Fordham Sophomore Fosters Community Through Founding Clubs


David Moran has founded both the Volleyball Club and The Rambling House in order to foster campus community. (Courtesy of David Moran/The Fordham Ram)

David Moran, GSB ’25, wasn’t always a volleyball player. In high school, he started playing club volleyball in Seattle with no experience because his school didn’t have a team. He took his love for volleyball and brought it into his freshman year of college.

When he got to Fordham, he was surprised to realize that there was no volleyball team. “I was going around the club fair sure that I was missing club volleyball,” said Moran. He soon found another volleyball player in his orientation group, Ariadna Wong, FCRH ’25, who also shared his passion for volleyball.

They decided to start a volleyball club, and they worked on getting it approved all last year. “Our whole freshman year we were fighting to get these meetings,” said Moran. After their persistence, they finally got approved at the end of the last academic year. 

While waiting for the club to officially be approved during his freshman year, Moran never stopped playing. He stayed active in intramural volleyball, and he was able to grow a community of fellow players before the club even started.

This fall semester, the club was officially able to start. “It is so great because I didn’t expect this much traction. The first year the club is on its probationary period,” explained Moran. While other clubs are able to have merchandise and an alumni network, their club is unable to until their second year. “We weren’t even allowed to have a club stand at the club fair,” said Moran. 

Despite this, there were over 60 people at tryouts, and they were only marketed through posters. “I was also impressed with the level that people were at,” said Moran. With the club now active, there is a separate girls and boys team, each with 15 members.

Moving forward, Moran’s main goal is to make sure the club lives on even after he graduates. Before this club, there was a volleyball club at Fordham that died out in the 2010s, said Moran, and he wants to make sure that doesn’t happen again. In addition to that goal, Moran hopes to win tournaments with the club and continue to improve.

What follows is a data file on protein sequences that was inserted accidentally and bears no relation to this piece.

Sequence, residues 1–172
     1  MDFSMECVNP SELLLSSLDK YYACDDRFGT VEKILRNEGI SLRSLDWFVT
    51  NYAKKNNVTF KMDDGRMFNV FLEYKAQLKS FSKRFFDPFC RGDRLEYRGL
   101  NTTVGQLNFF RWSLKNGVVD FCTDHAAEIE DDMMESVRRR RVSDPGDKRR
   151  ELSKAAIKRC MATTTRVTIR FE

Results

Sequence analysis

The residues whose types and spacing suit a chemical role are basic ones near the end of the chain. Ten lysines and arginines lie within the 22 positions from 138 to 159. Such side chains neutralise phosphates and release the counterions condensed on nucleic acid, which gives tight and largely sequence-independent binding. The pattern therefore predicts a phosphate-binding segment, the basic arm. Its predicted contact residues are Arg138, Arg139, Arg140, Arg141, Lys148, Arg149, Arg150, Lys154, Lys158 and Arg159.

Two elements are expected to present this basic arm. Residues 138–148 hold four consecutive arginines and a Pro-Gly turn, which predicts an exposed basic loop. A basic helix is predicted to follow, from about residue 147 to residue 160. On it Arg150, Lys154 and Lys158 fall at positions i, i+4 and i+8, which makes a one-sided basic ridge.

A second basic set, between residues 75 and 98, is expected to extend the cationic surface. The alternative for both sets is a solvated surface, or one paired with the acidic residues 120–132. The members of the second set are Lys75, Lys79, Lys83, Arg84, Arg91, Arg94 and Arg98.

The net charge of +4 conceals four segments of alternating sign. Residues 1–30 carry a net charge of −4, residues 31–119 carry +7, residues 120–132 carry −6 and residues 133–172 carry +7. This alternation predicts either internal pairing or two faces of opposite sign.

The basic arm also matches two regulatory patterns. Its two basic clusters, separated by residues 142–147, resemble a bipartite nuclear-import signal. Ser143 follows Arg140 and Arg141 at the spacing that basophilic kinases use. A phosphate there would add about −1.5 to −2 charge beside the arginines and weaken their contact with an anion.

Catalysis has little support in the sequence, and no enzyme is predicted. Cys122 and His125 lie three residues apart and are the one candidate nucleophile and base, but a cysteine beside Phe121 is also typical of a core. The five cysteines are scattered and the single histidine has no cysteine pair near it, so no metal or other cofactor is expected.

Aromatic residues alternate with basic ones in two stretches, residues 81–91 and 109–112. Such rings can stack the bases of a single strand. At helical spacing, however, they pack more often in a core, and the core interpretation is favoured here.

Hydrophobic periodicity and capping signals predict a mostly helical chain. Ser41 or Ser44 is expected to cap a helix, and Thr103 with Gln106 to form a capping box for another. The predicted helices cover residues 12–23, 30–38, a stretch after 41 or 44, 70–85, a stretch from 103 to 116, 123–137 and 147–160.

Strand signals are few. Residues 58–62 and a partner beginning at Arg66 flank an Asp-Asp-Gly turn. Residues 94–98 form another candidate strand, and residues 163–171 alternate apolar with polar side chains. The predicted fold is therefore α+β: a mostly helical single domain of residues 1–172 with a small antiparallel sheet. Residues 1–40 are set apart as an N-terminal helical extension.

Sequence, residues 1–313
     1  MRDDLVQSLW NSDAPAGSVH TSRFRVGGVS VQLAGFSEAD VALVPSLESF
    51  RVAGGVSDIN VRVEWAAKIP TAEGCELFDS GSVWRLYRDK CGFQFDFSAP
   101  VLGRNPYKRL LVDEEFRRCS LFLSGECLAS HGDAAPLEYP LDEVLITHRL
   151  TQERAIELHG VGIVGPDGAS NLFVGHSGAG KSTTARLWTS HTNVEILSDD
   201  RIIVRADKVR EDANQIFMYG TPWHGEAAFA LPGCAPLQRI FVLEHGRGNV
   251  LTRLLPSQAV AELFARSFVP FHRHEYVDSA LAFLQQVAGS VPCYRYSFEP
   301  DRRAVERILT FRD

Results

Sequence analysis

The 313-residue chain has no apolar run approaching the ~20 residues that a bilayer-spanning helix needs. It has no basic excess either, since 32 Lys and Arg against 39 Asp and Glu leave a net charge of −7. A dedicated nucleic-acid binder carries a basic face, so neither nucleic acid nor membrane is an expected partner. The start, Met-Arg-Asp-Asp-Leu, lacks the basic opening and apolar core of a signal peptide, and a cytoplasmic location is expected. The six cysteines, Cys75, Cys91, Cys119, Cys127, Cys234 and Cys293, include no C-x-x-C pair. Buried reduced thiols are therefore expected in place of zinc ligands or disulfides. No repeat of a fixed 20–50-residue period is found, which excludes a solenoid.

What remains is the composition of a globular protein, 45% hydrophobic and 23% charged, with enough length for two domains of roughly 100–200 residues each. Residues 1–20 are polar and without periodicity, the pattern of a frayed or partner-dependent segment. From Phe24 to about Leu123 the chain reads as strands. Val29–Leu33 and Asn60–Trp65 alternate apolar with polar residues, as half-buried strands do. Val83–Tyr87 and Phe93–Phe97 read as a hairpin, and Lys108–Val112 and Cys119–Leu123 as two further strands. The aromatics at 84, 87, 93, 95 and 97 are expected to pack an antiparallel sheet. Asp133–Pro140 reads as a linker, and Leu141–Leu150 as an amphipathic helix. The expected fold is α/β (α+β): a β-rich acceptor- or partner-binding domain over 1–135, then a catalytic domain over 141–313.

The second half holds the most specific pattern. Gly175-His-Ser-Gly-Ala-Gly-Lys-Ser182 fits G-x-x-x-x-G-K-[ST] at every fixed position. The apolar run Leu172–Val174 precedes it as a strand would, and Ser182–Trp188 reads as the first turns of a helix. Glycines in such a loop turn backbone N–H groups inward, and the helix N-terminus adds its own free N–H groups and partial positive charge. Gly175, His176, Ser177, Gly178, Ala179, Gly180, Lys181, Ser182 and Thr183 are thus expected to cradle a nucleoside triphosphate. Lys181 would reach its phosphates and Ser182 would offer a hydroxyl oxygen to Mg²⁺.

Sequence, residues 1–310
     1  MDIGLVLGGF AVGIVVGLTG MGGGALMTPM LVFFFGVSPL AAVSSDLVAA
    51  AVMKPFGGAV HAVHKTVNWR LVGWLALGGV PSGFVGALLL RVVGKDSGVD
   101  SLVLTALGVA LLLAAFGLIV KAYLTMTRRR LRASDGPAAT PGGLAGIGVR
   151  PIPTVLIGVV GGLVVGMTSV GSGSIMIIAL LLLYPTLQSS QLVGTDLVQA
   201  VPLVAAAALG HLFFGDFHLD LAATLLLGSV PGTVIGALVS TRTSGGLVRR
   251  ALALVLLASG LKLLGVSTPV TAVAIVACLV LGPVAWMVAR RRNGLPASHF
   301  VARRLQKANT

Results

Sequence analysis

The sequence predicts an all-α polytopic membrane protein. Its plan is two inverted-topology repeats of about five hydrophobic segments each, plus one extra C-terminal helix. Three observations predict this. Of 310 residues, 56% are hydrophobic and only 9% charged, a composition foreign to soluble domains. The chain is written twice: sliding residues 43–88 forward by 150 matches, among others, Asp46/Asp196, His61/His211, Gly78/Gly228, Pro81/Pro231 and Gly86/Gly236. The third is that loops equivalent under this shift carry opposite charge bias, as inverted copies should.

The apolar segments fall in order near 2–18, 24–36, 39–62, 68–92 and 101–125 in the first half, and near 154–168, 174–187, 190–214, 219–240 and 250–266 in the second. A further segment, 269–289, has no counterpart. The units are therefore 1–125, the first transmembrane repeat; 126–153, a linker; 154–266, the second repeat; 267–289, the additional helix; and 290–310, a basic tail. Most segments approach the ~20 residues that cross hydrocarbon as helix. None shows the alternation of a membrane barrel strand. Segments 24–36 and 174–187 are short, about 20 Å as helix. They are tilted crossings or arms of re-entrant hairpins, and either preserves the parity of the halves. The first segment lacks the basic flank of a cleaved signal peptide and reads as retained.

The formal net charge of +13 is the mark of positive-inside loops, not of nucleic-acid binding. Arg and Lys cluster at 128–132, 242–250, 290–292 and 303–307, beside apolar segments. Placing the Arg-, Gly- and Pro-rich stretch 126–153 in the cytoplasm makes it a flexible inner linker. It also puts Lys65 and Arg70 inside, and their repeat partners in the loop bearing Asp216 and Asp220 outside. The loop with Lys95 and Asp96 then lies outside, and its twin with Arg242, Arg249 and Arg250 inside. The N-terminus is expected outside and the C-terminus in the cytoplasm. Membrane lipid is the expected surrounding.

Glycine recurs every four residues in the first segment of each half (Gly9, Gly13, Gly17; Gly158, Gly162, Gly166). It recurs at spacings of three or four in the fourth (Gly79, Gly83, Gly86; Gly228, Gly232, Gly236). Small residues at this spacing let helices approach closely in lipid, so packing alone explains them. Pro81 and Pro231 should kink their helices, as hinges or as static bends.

Volleyball is not the only club that Moran has recently started. This year, Moran started The Rambling House, which is a writing club for everyone. Moran explained that most writing groups require people to be at a certain skill level or fit a criteria. The Rambling House has no criteria that people have to meet.

“The purpose of the club is to take pressure off of people writing,” said Moran. Besides groups, there are deadlines and guidelines when people have to write essays or writing assignments for class, which adds a level of pressure. 

“I think that it would be the best place for people to refine their writing skills,” said Moran.  Overall, Moran wants people to have a safe place where they are able to express themselves with no pressure, even if their work is just for themselves.

Moran’s involvement doesn’t stop at leading volleyball and writing clubs. Moran is part of the Global Business Honors Program and Fordham Orchestra. 

Even with all his activities, Moran loves everything he does. “I do not think I could put this many hours into something I am not interested in. It matters how passionate I actually am about it,” said Moran.

In the Fordham Orchestra, Moran plays the violin, which along with writing, he doesn’t really view as work. Instead, he sees music and writing as doing something he likes that helps him to de-stress.

Overall, when starting a club, Moran believes that the most important thing is not giving up. “You can’t get discouraged if the people reject you or tell you don’t have time. It is their way of testing if you are dedicated in the future,” said Moran. “You cannot give up on your idea. If it has enough support, it is pretty sure to get approved. If you have a good idea, don’t give up.”